Synchromism paintings feature harmoniously balanced colors and a feeling of movement. It is believed that synchromist paintings evoke similar feelings and sensations as music. This is a basic tenet of the synchromism art movement. As such, these paintings make wonderfully pleasing additions to any modern art collection.
Founded in 1912 by Morgan Russell and Stanton MacDonald-Wright, synchromism was an art movement based no the idea that sound and color are phenomena that are similar in the way that the individual experiences and perceives them. Movement as well as organization of color into ‘color scales’ are the ways in which synchromism pieces correlate to musical art forms.
A basic tenet of synchromism is that color can be arranged or orchestrated in much the same way that notes of a symphony are arranged by composers. This harmonious arrangement of colors and shapes produces experiential results similar to that of listening to well balanced orchestral compositions.
Artists of the synchromism art movement believed that by painting in color scales could evoke sensations that were very musical in nature. Typically, synchromism pieces feature a strong rhythmic form or forms that then advance toward complexity in form and hue, moving in a particular direction.
In many cases, such explosion of color using color scales pours out in a radial pattern. It is most common for synchromism art works to have some sort of central vortex that bursts outward with color, into complex color harmonies.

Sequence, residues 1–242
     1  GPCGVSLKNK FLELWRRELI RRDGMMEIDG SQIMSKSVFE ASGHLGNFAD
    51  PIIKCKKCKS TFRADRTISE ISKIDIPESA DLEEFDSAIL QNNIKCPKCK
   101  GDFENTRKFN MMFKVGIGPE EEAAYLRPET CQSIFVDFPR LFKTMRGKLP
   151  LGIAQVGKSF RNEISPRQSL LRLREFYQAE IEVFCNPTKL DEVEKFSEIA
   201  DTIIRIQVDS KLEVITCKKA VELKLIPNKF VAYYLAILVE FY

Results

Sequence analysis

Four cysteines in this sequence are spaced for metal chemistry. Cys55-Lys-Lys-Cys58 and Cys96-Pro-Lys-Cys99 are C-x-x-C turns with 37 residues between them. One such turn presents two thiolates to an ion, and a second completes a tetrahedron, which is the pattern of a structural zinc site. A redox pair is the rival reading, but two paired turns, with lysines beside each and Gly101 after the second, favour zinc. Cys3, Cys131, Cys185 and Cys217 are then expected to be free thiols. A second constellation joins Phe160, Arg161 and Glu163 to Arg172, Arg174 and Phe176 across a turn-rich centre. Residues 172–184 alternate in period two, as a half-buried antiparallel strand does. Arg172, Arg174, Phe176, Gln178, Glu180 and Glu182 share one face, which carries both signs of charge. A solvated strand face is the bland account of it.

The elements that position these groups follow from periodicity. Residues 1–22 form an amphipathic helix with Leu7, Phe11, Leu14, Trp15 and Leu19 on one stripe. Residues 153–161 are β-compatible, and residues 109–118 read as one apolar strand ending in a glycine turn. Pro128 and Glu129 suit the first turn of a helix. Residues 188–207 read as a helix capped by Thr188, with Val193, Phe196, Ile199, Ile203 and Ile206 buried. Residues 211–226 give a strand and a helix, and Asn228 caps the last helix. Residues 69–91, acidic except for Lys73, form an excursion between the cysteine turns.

The first painting to be dubbed a synchromism work, was Morgan Russell’s ‘Synchromy in Green’ which was exhibited in Paris at the Paris Salon des Independants in the year 1913. That same year, the first exhibition featuring primarily synchromist works by MacDonald-Wright and Russell was held in Munich, Germany. Following the synchromist exhibition in Munich, there were exhibits in both Paris and New York.
These first synchromist pieces were some of the first non-objective abstract paintings found in American art. These later became better known under the label of ‘avante-garde’. In this way, synchromism was the first American avant garde art movement that gained attention internationally.
Synchromism has been compared and contrasted to Orphism. Orphism refers to paintings that relate to the Greek god Orpheus, the symbol of song, the arts and the lyre. Though Orphism is rooted in cubism, this movement moved toward a lyrical abstraction that was more pure, in the sense that this form of painting was about synthesizing a sensation of bright colors.
Though there is little doubt that Orphism was an influence to later Synchromism, Synchromists would argue that it is an entirely unique art form. As Stanton MacDonald-Wright said, “synchromism has nothing to do with orphism and anybody who has read the first catalogue of synchromism … would realize that we poked fun at orphism.”
Several other American painters have been known to experiment with synchromism. Whether synchromism was a branch of orphism or its own unique art form, there is little doubt that the harmonious use of color and movement based composition inspired many artists and art forms. Among these artists were Andrew Dasburg, Thomas Hart Benton and Patrick Henry Bruce.
Though the majority of Thomas Hart Benton’s works centered on regionalism and murals, there was also a strong flair of synchromism. Benton’s interest and incorporation of synchromism was due mainly from having studied with synchromism artists such as Stanton MacDonald-Wright and Diego Rivera.